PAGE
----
|Name at Enlist||Kiler K. Jones|
|Birth Name||Kiler K. Jones|
|Other Names||Kiler Kent Jones|
|Lived||1825 - 1886|
|Birth Place||New York|
|Residence at Muster-In||IL|
|Company at Enlistment||A|
|Rank at Enlistment||Lt. Colonel|
|Muster Date||21 Dec 1861|
|Burial Location||Oak Woods Cemetery, Chicago, Cook County, IL|
|Mother Lived||2 Feb 1798- 15 Feb 1854|
|Father Lived||22 Oct 1789- 18 Jan 1868|
|Spouse||Ambolina Maria Hansen|
|Married On||30 Oct 1851|
|Marriage Location||Milwaukee, Milwaukee County, WI|
Kiler K. Jones was born in 1825 in New York. His parents were William Jones and Anna Gregory. His father, William, was one of the earliest settlers to Chicago (the rest of the family moved out later). William also was one of the first Justices of the Peace for Chicago as well as a big donor, first member of the Board of Trustees, and President of the Executive Committee for the University of Chicago when it was founded.
In 1843, Kiler K. Jones was working at the periodical depot in Chicago. In the late 1840s/early 1850s, he moved to Milwaukee, WI. There, he married Ambolina Maria Hansen on October 30, 1851. By 1860, they were living in Ellington, Adams County, IL. He was working as a farmer and editor. Together, Kiler and Ambolina had at least seven children, including: William (1853), Louis (1857), Annie L. (1860), Hiram (1862), Harold (1865), Emily (1868), and Ambolina (1870).
Jones enrolled for three years on September 26, 1861, at Quincy, Adams County, IL. The army listed him as aged 37. He was a Republican politician and a prominent businessman who recruited among Scandinavians in Chicago and in the Manitowoc area in Wisconsin. He probably did this in partnership with Svend Samuelson and Andrew Thorkildsen. He was commissioned Lieutenant Colonel (Kolonel) of the WI 15th on December 21, 1861. He recruited Company A in Chicago. His commission was revoked on March 1, 1862. Jones mustered out of service on March 2, 1862 per the order of the War Department, but General Halleck would not recognize the muster out until March 5, 1862.
After the war, he returned to Ellington, IL, where he worked as a real estate dealer. In 1880, the family was still living in Ellington. Jones died in 1886 and is buried in Oak Woods Cemetery, Chicago, Cook, IL. His parents are also buried there.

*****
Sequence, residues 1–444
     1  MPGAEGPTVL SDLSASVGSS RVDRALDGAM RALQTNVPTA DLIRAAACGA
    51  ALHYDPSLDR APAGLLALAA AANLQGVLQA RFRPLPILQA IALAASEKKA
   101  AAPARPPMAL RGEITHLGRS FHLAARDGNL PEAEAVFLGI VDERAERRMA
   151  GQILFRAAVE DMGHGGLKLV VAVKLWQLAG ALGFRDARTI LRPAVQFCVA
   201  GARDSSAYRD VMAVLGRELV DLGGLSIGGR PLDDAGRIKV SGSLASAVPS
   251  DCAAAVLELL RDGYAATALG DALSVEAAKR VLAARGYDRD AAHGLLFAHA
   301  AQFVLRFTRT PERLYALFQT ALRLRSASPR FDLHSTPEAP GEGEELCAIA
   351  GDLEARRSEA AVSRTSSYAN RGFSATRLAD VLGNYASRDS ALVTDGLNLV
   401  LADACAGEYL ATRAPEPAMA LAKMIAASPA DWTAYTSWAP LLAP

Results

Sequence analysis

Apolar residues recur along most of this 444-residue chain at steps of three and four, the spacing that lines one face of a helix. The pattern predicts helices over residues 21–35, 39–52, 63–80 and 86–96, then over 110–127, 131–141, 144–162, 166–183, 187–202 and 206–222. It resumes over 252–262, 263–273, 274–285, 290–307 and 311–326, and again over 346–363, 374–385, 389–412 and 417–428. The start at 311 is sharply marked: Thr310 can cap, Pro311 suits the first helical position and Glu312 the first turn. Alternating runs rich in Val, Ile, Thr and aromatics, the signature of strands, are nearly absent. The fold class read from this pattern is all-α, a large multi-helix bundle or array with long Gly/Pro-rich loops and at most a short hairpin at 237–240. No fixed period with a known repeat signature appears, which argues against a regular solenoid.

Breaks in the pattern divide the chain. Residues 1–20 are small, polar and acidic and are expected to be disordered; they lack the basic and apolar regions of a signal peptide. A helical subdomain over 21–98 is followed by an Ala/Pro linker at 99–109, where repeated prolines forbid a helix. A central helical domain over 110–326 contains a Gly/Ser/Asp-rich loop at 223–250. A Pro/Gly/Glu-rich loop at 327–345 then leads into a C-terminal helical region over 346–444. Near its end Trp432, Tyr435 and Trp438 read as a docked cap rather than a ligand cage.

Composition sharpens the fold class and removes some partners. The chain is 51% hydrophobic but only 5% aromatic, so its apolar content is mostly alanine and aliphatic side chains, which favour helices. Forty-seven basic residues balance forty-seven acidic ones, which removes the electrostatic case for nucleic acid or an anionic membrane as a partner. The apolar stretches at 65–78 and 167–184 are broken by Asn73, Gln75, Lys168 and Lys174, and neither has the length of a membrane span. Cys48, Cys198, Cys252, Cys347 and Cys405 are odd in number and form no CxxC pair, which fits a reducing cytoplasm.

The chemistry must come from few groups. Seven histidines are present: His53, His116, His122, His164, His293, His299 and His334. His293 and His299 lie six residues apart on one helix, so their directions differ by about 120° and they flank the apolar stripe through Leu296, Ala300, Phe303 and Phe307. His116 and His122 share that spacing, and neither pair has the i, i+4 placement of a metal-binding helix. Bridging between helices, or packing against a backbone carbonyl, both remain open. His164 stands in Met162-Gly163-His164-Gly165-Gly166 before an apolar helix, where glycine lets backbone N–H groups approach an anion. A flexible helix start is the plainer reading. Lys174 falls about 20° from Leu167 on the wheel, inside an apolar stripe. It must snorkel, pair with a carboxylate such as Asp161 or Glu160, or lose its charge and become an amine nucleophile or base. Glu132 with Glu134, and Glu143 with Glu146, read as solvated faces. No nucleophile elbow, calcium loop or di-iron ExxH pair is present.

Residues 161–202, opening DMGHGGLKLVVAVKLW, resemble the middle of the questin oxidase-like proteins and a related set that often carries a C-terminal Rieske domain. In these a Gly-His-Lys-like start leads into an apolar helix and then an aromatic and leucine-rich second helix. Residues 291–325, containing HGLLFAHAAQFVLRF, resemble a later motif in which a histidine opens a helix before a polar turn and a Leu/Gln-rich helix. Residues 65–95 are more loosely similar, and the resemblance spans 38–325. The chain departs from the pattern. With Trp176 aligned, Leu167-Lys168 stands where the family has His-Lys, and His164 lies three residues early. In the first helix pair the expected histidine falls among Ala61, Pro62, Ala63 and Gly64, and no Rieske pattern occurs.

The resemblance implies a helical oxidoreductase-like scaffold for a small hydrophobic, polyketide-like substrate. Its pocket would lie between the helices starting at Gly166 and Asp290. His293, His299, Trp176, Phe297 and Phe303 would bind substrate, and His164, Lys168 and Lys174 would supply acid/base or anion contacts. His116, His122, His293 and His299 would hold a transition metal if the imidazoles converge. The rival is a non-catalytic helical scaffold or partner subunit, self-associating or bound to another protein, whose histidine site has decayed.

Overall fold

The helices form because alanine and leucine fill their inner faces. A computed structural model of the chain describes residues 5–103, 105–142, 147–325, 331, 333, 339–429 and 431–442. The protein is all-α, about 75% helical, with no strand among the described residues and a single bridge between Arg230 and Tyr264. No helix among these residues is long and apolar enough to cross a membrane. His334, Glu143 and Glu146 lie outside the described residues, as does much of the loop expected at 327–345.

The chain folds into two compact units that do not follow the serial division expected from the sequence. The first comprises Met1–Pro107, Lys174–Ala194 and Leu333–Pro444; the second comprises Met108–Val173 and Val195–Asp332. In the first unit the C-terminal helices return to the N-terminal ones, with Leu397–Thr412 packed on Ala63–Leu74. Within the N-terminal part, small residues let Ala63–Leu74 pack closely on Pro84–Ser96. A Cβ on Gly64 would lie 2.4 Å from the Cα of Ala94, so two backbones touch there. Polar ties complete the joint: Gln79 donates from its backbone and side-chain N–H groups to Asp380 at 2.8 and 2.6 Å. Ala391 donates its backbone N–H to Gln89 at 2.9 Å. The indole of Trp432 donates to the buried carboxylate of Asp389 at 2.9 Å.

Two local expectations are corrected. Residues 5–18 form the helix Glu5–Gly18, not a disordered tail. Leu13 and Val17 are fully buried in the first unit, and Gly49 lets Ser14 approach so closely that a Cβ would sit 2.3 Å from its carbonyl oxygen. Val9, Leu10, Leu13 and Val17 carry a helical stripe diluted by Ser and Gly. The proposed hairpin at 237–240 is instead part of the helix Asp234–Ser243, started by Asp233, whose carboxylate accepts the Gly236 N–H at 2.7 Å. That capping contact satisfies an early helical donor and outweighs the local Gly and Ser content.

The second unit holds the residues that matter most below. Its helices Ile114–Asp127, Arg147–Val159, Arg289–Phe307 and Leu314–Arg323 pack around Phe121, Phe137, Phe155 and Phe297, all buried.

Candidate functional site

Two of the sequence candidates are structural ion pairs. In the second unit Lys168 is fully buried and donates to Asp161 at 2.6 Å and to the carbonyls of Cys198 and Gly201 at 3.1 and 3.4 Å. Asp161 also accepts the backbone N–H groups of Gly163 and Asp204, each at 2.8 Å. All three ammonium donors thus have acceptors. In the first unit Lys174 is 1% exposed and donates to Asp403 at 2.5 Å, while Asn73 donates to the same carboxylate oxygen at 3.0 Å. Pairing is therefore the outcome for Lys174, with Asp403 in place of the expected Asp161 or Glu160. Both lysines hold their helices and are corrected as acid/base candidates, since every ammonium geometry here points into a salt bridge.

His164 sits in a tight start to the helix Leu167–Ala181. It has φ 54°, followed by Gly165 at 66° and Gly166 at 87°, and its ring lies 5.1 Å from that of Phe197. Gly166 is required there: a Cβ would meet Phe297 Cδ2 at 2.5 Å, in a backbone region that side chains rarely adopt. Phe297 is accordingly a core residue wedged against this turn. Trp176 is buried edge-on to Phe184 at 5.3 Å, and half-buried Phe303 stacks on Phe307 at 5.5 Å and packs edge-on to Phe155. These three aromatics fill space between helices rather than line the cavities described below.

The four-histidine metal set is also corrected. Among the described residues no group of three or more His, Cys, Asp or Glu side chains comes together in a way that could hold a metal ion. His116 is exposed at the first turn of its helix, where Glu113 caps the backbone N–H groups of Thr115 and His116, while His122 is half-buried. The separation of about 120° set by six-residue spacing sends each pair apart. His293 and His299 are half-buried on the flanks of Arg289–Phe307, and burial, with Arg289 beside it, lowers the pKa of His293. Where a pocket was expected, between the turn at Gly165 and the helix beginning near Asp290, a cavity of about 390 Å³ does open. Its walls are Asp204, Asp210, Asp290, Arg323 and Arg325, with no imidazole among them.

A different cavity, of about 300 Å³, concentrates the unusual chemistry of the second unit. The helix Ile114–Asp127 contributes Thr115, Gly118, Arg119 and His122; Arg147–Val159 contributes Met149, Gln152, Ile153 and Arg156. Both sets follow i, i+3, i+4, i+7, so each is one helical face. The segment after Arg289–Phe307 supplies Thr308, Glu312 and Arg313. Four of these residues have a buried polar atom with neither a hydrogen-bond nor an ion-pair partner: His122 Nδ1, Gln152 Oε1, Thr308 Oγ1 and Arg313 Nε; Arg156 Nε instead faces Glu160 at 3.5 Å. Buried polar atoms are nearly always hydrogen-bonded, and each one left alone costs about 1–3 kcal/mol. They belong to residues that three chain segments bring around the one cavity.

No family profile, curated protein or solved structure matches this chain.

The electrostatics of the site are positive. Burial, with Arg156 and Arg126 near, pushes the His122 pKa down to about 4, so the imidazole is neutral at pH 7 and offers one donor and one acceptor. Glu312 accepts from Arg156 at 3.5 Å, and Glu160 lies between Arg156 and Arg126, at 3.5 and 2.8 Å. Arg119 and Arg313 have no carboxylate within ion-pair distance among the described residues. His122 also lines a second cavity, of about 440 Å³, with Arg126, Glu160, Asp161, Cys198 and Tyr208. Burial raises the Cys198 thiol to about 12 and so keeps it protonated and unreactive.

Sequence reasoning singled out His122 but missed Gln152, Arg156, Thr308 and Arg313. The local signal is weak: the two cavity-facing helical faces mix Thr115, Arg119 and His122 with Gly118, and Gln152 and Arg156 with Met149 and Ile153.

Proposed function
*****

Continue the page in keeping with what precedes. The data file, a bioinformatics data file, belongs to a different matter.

Sources: Series 1200: Records of Civil War Regiments, 1861-1900, Wisconsin Adjutant General’s Office, Archives, Wisconsin Historical Society, Madison, boxes 76-2, 78-1; Regimental Muster and Descriptive Rolls, 1861-1865, Wisconsin Adjutant General’s Office, Archives, Wisconsin Historical Society, Madison, vol.20, p.2; Det Femtende Regiment, Wisconsin Frivillige [The Fifteenth Regiment, Wisconsin Volunteers], Ole A. Buslett, 1894, B. Anundsen, Decorah, IA, p.317; Foreigners in the Union Army and Navy, Ella Lonn, 1952, c1951, Louisiana State University Press, Baton Rouge, LA, p.136; The Military History of Wisconsin in the War for the Union, Edwin B. Quiner, 1866, Clark & Co., Chicago, pp. 91, 614; Lars Gjertveit, Bodo, Norway; Payroll muster rolls of WI 15th Co E, saved by Captain T. A. Rossing; Blaine Hedberg, NAGC&NL, “Norwegians fighting for Freedom in America: Why Scandinavians had their own Regiment in the Civil War of 1861 – 65”, Ådne Løvstad; 1860 Census, Roll: M653_155, Page: 354, Image: 10, Family History Library Film: 803155; 1870 Census, Roll: M593_186, Page:134A, Image: 276, Family History Library Film: 545685; 1880 Census, Roll: 174, Family History Film: 1254174, Page: 118B, Enumeration District: 007, Image: 0239; findagrave.com; Wisconsin Marriage Index, Batch #I00724-6, GS Film # 1292026; Biographical Sketches of the Leading Men of Chicago, J. Carbuff (Chicago: 1868), p.60-62 .